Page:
In the context of Chinese journalism, “seizing a pretext,” or jieti fahui, refers to the strategic use of an opportunity afforded by external circumstances to push one’s own agendas or professional objectives.
One common form of “seizing a pretext” comes as government leaders make a pronouncement on an issue, or on the edge of an issue, that is generally too sensitive to deal with directly or in great depth.
In 2006, the Central Propaganda Department issued a ban on coverage of the fortieth anniversary of the start of the Cultural Revolution. As a result, there was virtually no coverage, even on the subtle fringes of the topic. Shortly after the anniversary, however, China’s cultural minister made a public statement about plans to eventually create a museum to commemorate the Cultural Revolution. More professionally-minded journalists in China used this public statement to run a brief (but still very careful) burst of coverage on the Cultural Revolution.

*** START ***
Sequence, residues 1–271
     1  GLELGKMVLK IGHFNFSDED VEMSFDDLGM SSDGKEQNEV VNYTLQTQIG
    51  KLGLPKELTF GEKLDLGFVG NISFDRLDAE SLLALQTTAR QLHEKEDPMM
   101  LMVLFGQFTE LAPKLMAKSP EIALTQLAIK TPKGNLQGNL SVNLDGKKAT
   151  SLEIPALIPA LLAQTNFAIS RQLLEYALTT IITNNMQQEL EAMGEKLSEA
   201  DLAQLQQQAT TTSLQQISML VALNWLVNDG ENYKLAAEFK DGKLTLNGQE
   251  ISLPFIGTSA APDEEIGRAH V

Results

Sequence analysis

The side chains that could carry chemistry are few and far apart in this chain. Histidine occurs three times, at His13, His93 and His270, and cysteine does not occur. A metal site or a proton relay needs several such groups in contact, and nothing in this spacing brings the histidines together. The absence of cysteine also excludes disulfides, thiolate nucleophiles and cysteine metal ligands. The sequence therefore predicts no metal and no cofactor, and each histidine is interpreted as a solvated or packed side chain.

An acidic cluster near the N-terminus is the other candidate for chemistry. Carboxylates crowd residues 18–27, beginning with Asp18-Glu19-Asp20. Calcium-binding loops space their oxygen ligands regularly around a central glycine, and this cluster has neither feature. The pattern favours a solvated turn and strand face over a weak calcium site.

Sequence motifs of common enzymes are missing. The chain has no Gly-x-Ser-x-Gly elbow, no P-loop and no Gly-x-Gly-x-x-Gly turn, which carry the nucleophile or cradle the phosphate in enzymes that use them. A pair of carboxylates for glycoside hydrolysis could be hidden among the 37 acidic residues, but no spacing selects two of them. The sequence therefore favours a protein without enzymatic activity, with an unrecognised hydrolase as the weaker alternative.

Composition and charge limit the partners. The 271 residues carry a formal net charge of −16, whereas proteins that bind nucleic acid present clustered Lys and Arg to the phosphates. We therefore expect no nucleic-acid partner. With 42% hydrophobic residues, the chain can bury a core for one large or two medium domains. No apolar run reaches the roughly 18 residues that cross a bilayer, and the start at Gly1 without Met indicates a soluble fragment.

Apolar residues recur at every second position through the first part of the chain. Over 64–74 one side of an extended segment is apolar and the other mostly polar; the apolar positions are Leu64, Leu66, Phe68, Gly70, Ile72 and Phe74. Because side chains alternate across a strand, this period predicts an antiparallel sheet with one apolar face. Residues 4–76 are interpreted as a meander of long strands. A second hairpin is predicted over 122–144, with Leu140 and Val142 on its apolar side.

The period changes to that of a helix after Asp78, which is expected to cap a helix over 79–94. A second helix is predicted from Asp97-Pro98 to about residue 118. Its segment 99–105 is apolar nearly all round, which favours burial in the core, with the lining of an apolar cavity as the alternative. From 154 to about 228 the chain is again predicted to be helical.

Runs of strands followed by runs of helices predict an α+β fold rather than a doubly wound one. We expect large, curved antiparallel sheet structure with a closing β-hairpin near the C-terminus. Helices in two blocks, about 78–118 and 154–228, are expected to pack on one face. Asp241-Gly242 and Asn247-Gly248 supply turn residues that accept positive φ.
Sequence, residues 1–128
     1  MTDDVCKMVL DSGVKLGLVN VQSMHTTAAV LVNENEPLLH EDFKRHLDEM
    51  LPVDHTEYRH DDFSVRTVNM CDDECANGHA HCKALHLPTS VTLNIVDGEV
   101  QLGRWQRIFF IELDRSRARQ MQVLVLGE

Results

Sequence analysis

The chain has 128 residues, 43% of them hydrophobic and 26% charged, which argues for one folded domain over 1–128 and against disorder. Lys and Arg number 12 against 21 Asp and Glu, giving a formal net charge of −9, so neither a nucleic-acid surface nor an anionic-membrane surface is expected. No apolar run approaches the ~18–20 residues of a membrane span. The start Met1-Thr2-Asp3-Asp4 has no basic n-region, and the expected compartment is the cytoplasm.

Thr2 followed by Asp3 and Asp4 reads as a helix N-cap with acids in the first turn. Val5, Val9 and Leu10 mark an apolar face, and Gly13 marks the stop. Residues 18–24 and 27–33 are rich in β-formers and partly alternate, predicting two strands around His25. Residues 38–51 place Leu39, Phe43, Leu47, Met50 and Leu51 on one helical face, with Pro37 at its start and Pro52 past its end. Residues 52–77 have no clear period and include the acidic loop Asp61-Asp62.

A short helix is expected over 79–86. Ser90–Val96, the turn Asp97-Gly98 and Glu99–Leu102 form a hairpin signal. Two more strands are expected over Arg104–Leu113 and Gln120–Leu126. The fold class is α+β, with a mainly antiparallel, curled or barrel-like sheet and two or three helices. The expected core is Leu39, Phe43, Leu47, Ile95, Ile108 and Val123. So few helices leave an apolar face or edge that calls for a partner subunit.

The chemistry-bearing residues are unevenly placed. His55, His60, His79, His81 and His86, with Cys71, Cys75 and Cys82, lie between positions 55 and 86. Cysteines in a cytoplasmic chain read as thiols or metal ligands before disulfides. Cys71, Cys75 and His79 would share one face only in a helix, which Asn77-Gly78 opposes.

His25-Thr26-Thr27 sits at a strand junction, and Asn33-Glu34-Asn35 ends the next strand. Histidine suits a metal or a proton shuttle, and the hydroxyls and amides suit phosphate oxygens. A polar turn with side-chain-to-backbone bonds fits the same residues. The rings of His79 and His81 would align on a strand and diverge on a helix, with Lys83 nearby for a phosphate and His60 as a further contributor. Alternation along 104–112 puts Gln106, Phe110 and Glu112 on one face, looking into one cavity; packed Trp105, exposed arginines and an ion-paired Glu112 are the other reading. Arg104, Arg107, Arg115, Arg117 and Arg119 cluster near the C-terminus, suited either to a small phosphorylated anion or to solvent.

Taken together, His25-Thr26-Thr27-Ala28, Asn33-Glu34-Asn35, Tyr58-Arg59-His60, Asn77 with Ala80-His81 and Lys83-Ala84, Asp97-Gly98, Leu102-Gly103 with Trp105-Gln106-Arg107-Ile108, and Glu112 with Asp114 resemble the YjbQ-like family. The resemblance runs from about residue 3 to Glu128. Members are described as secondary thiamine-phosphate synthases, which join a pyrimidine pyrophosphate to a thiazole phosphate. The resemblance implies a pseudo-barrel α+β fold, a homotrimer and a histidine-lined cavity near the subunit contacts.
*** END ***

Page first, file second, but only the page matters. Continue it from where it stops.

More recently, when Chinese Premier Wen Jiabao (温家宝) mentioned the need for “political system reforms” during a speech in Shenzhen in August 2010 to commemorate the thirtieth anniversary of the special economic zone’s founding, some journalists viewed this as an opportunity. One Chinese scholar remarked on Twitter: “As for Wen’s political reform speech, I think we can seize this pretext. Regardless of what Wen’s real meaning is, we can use this opportunity to talk about what we mean. Those who are courageous, speak directly. Those who are more fearful, speak as a response to Wen’s talk.”